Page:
As noted above, when you buy a variable annuity, you will need to allocate your money among a number of investment choices. These investment portfolios are structured like mutual funds, either designed specifically for the annuity company or are similar versions of existing funds designated for retirement accounts. Although the names of the investment portfolios may be similar to those of mutual funds available generally to the public, they are not the same funds but are more like "clones" of these funds. It is important to note that, unlike mutual funds, variable annuities involve additional fees, such as mortality fees and administrative fees.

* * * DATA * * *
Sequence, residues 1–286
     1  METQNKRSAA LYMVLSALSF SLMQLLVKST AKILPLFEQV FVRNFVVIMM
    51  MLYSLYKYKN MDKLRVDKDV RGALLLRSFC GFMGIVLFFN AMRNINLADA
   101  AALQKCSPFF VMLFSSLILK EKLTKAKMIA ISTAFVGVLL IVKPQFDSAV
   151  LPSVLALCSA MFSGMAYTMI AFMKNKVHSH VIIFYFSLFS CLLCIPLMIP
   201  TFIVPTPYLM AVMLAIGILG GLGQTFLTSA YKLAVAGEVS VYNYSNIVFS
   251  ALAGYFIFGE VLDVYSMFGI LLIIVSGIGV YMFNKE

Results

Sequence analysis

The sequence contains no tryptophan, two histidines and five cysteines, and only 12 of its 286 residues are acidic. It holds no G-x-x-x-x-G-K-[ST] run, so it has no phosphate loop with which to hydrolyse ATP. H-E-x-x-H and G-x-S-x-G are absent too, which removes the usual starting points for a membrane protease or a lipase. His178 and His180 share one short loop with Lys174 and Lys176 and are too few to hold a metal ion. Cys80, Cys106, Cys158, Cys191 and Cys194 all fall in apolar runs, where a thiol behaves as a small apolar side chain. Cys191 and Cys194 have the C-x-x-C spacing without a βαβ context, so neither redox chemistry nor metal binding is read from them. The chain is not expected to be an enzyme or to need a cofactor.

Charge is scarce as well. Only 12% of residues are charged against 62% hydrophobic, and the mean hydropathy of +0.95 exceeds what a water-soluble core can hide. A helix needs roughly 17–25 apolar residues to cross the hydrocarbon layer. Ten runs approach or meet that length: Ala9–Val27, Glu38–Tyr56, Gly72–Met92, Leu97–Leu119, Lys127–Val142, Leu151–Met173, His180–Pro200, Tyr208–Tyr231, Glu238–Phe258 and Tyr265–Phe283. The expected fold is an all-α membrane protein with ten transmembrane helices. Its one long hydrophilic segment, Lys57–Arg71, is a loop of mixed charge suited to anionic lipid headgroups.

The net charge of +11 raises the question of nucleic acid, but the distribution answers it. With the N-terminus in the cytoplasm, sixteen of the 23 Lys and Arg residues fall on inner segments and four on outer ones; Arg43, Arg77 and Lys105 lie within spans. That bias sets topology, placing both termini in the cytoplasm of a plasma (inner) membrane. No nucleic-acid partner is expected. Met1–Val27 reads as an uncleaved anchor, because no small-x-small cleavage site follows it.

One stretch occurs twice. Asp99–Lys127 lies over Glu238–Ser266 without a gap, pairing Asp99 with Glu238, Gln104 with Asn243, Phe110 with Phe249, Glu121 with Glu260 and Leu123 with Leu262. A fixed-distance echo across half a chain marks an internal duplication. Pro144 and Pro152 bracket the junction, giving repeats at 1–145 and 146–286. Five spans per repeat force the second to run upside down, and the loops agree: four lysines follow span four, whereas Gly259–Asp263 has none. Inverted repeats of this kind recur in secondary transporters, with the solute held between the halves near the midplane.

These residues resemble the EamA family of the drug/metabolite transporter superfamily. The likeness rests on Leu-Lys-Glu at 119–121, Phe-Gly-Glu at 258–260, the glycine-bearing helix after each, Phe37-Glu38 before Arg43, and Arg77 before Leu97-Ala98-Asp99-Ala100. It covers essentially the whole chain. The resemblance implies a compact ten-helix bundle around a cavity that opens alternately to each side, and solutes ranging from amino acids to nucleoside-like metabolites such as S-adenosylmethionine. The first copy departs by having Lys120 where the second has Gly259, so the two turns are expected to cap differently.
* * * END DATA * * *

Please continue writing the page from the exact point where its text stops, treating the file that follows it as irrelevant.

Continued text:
As the investor, you must choose among the ones that the issuing company offers, much as you would with a 401(k) or 403(b) retirement plan. Typically, there will be a number of offerings, possibly including stock portfolios, a money market account, a government bond portfolio, a corporate bond portfolio, and a guaranteed account (fixed account), which is similar to a fixed annuity investment. When deciding which portfolios (sub-accounts) to choose within a variable annuity, always remember that financial professionals recommend that you diversify among different types of investment classes using a technique known as asset allocation. You will need to do some research in this area on your own, or work with your financial professional in order to reach the best decision that works for your goals. Your financial institution should have an investment consultant who can help explain your choices, and who may be able to guide you toward an allocation that meets your individual need.